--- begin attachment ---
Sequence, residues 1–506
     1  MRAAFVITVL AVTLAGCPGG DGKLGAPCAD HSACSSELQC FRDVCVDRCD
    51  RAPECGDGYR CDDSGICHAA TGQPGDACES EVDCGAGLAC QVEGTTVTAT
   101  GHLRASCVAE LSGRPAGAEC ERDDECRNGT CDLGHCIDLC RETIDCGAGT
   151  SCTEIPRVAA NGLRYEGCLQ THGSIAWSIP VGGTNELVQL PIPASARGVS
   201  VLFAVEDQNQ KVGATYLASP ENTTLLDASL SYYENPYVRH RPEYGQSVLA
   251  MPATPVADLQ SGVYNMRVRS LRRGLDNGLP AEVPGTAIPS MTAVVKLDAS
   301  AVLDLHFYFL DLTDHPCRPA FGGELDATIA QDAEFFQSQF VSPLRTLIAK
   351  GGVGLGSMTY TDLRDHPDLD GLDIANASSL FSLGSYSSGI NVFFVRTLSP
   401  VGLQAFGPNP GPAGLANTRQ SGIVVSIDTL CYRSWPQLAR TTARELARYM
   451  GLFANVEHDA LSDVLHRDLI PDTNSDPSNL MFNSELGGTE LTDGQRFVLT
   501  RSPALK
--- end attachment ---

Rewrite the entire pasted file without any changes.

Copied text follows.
Sequence, residues 1–506
     1  MRAAFVITVL AVTLAGCPGG DGKLGAPCAD HSACSSELQC FRDVCVDRCD
    51  RAPECGDGYR CDDSGICHAA TGQPGDACES EVDCGAGLAC QVEGTTVTAT
   101  GHLRASCVAE LSGRPAGAEC ERDDECRNGT CDLGHCIDLC RETIDCGAGT
   151  SCTEIPRVAA NGLRYEGCLQ THGSIAWSIP VGGTNELVQL PIPASARGVS
   201  VLFAVEDQNQ KVGATYLASP ENTTLLDASL SYYENPYVRH RPEYGQSVLA
   251  MPATPVADLQ SGVYNMRVRS LRRGLDNGLP AEVPGTAIPS MTAVVKLDAS
   301  AVLDLHFYFL DLTDHPCRPA FGGELDATIA QDAEFFQSQF VSPLRTLIAK
   351  GGVGLGSMTY TDLRDHPDLD GLDIANASSL FSLGSYSSGI NVFFVRTLSP
   401  VGLQAFGPNP GPAGLANTRQ SGIVVSIDTL CYRSWPQLAR TTARELARYM
   451  GLFANVEHDA LSDVLHRDLI PDTNSDPSNL MFNSELGGTE LTDGQRFVLT
   501  RSPALK